Geographic Access and Demand in the Market for Alcohol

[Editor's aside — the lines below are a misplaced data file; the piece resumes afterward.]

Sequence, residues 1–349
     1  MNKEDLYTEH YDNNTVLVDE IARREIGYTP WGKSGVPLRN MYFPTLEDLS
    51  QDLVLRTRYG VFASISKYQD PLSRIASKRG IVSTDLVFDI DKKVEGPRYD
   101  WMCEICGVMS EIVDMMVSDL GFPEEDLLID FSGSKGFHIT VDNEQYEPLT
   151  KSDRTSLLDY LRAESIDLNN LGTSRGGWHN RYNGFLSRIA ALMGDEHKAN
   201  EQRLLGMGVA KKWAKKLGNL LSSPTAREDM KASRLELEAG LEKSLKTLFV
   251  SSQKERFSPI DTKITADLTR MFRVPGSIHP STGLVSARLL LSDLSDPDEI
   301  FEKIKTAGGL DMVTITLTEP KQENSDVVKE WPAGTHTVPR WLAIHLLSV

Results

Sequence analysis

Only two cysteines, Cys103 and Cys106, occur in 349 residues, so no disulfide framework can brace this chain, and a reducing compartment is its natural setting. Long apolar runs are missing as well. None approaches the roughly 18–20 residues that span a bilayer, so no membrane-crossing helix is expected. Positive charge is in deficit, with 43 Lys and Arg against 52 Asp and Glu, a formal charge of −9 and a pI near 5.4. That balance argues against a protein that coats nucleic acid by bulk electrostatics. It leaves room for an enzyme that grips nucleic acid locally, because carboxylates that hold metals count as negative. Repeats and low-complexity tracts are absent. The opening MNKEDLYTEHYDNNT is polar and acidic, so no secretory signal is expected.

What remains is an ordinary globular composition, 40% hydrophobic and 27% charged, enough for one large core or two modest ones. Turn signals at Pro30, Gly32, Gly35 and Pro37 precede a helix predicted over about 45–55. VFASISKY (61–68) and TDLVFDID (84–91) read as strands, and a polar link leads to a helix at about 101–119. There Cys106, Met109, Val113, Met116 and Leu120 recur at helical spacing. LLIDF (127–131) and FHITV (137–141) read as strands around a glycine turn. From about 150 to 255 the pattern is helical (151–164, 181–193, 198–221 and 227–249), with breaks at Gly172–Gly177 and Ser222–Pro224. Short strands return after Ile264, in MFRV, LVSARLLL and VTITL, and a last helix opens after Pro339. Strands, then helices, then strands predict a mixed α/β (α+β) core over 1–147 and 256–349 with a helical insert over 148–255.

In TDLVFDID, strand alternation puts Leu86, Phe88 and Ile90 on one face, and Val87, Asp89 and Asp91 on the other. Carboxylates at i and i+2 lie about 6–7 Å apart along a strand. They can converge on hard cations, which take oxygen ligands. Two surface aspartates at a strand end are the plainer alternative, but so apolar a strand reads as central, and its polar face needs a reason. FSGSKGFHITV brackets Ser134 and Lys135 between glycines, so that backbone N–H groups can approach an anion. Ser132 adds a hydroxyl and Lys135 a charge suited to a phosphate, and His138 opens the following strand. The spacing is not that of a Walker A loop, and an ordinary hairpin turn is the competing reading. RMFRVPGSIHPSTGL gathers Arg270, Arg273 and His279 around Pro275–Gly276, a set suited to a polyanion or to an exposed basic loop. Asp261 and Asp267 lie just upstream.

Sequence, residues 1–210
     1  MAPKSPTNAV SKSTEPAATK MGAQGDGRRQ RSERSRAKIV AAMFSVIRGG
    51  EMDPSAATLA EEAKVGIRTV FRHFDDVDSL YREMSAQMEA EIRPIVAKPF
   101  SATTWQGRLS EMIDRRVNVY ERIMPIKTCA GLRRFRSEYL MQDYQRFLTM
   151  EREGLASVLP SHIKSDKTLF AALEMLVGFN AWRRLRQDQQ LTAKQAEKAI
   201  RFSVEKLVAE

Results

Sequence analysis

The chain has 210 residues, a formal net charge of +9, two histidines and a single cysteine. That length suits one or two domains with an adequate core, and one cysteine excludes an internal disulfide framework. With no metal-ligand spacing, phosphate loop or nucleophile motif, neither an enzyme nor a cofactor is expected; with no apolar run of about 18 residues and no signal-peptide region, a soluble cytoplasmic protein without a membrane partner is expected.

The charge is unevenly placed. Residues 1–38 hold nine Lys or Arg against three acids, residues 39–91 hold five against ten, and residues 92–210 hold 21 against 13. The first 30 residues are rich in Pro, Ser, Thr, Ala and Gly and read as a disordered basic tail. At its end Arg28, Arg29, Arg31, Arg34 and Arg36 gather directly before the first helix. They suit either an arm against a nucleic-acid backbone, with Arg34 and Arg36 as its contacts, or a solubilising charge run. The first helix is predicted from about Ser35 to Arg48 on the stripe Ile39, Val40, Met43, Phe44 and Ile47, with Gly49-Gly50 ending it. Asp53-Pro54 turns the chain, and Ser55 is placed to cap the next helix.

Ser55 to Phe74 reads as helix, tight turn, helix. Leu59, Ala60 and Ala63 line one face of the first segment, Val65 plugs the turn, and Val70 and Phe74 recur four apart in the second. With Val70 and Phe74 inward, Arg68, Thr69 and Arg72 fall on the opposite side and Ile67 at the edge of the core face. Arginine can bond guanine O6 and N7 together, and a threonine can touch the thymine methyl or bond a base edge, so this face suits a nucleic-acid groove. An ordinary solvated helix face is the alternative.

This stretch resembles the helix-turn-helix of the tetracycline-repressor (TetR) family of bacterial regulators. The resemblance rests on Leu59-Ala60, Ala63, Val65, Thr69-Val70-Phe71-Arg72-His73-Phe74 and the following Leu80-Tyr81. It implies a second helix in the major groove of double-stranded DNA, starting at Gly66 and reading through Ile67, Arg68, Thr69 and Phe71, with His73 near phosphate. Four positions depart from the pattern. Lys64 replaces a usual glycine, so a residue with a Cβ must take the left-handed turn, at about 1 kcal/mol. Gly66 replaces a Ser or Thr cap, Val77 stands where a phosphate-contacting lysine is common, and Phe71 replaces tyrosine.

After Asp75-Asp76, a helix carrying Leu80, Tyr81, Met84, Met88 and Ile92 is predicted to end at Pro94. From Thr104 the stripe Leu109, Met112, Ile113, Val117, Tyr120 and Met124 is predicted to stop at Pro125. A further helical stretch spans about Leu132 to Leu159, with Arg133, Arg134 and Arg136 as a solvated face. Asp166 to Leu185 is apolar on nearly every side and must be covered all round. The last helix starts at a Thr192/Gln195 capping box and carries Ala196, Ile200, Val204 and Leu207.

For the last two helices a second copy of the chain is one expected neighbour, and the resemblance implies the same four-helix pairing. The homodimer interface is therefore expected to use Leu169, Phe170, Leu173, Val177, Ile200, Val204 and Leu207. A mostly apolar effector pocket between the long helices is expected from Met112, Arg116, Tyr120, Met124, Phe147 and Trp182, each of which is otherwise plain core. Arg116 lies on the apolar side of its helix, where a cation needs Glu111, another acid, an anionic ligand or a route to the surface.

Policy in many regions restricts geographic access to alcohol by reducing the number of outlets where alcohol is available for purchase. In previous studies, imprecise measures of access and the lack of a theoretical framework have caused improper economic interpretations of how reducing access should affect consumer behavior. This paper makes several improvements in the study of geographic access to alcohol, employing new economic theory, new techniques for measuring access, and spatial econometric techniques. We find that although reducing access does reduce apparent per capita consumption of liquor, economic theory suggests that many alcohol-related problems are unlikely to be affected.
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